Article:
Yesterday I went for a walk on Lake George (or Weerewaa in the indigenous language). Though no, I wasn’t walking on water, Lake George hasn’t had any water in it for years, since late 2002 in fact. (Besides, I lost my Jesus-like locks recently). The lake bed is quite expansive and rather flat. It is not a salt lake, but rather converts to sheep grazing when there is no water, which is not that unusual, though it can be up to 5 meters or so deep when full. The Federal Highway from Canberra to Sydney skirts the edge, so I have passed it often and it is an incredibly beautiful landscape. The play of the changing light on the lake bed and the hills on the far side mean the view is never quite the same. Yet, though I sometimes stop briefly at one of several rest stops along the way, I have not before walked out onto the lake bed itself. At the moment even the grazing must be quite marginal, the soil was cracked and crumbling and the dry plant cover sparse. I did a few sketches, took many photos, collected two sheep skulls and some dirt to take back to the studio, and made a bone circle to leave on the lake bed.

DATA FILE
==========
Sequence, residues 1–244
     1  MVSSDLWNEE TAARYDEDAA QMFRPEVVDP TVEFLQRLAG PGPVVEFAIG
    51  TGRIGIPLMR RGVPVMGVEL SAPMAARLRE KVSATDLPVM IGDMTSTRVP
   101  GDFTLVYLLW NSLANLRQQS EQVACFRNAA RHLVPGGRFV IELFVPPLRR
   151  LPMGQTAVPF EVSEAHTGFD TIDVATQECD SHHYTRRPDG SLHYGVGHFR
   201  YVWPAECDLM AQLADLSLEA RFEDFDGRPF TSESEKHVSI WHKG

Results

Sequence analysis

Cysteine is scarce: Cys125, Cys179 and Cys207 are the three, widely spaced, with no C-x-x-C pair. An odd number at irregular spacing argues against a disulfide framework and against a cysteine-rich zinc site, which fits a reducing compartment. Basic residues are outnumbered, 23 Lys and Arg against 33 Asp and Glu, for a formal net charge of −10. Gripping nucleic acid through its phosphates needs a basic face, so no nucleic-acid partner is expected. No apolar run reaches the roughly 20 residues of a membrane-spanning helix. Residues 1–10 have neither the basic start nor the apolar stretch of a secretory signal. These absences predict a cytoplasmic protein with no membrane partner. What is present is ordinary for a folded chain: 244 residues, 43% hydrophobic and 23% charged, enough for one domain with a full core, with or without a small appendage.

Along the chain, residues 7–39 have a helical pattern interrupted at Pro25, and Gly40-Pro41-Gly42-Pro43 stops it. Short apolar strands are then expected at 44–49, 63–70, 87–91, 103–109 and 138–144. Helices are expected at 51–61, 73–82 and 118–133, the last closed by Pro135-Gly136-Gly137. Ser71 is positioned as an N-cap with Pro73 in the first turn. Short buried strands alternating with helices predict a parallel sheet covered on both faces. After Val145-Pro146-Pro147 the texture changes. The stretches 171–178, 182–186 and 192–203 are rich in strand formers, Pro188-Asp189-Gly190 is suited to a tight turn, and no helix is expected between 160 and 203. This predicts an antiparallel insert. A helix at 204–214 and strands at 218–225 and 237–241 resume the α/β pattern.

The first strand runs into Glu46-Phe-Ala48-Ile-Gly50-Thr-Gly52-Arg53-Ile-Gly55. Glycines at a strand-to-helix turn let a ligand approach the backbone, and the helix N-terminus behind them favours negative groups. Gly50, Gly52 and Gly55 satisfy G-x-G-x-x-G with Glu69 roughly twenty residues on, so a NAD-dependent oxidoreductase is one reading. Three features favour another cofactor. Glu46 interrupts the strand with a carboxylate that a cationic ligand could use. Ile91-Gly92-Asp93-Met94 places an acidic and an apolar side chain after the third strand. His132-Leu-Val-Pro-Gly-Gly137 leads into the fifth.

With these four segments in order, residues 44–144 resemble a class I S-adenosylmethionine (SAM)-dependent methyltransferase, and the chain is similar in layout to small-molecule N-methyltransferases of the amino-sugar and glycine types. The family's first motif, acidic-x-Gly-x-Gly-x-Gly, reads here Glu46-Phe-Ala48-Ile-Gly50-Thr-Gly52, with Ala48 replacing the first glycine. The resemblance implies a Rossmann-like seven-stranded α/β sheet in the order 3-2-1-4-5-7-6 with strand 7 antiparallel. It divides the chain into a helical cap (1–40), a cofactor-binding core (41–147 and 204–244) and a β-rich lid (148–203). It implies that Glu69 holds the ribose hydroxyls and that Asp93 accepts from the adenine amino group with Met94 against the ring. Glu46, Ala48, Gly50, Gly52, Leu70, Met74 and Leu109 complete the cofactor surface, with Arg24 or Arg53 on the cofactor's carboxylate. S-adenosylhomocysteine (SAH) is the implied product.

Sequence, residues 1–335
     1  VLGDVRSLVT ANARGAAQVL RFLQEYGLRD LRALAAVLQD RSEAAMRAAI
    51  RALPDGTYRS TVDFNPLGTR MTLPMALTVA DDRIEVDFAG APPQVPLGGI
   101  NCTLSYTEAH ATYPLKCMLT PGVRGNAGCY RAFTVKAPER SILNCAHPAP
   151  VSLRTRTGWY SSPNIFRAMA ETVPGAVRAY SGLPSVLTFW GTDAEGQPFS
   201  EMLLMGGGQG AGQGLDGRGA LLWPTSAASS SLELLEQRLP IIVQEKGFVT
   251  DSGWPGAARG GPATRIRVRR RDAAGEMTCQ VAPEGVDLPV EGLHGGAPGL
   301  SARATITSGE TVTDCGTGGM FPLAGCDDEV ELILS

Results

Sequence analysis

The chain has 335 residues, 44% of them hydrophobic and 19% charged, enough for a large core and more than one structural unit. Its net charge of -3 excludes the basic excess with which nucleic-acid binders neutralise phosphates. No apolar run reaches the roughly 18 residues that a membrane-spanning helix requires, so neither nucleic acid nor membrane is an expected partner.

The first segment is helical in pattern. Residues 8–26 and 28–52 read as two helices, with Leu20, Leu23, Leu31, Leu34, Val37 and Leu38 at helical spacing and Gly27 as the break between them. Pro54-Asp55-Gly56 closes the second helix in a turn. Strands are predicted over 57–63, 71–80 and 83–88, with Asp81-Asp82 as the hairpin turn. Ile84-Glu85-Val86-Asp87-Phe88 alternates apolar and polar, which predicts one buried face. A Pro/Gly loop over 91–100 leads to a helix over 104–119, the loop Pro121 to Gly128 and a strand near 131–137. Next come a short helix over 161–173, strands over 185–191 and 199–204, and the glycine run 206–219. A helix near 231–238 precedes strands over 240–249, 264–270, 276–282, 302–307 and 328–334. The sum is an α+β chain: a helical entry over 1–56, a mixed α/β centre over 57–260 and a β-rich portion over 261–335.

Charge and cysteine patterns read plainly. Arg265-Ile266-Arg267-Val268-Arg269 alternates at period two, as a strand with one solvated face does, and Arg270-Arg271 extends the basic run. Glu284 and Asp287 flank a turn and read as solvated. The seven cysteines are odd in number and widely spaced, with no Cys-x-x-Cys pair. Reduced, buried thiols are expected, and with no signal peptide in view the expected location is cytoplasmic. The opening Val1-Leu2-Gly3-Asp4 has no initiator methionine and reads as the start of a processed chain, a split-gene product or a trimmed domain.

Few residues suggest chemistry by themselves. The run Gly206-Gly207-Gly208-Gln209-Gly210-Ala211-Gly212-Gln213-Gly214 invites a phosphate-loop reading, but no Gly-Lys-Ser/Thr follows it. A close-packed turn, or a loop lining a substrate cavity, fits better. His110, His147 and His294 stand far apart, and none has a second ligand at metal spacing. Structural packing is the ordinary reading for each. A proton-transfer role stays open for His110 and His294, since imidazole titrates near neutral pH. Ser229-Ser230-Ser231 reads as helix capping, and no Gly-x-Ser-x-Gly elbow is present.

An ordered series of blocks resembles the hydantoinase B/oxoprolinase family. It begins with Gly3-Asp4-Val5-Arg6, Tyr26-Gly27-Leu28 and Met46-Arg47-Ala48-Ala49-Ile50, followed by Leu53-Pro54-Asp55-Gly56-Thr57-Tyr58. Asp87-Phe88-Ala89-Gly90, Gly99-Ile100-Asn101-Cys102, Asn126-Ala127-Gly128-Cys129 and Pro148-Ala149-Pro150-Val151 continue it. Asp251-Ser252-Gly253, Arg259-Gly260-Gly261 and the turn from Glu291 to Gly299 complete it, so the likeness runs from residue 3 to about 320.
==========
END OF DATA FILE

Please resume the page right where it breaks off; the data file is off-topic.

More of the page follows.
Many Canberra artists have made Lake George the focus of their attention for a period, it seems to captivate people. One of my favorites is Rosalie Gascoigne’s ‘Suddenly the Lake’ made from tin and ply. There was water in the lake in the mid 90’s when she made it, and when I first saw the lake. Click here to see an image. Perhaps I will have a Lake George period soon?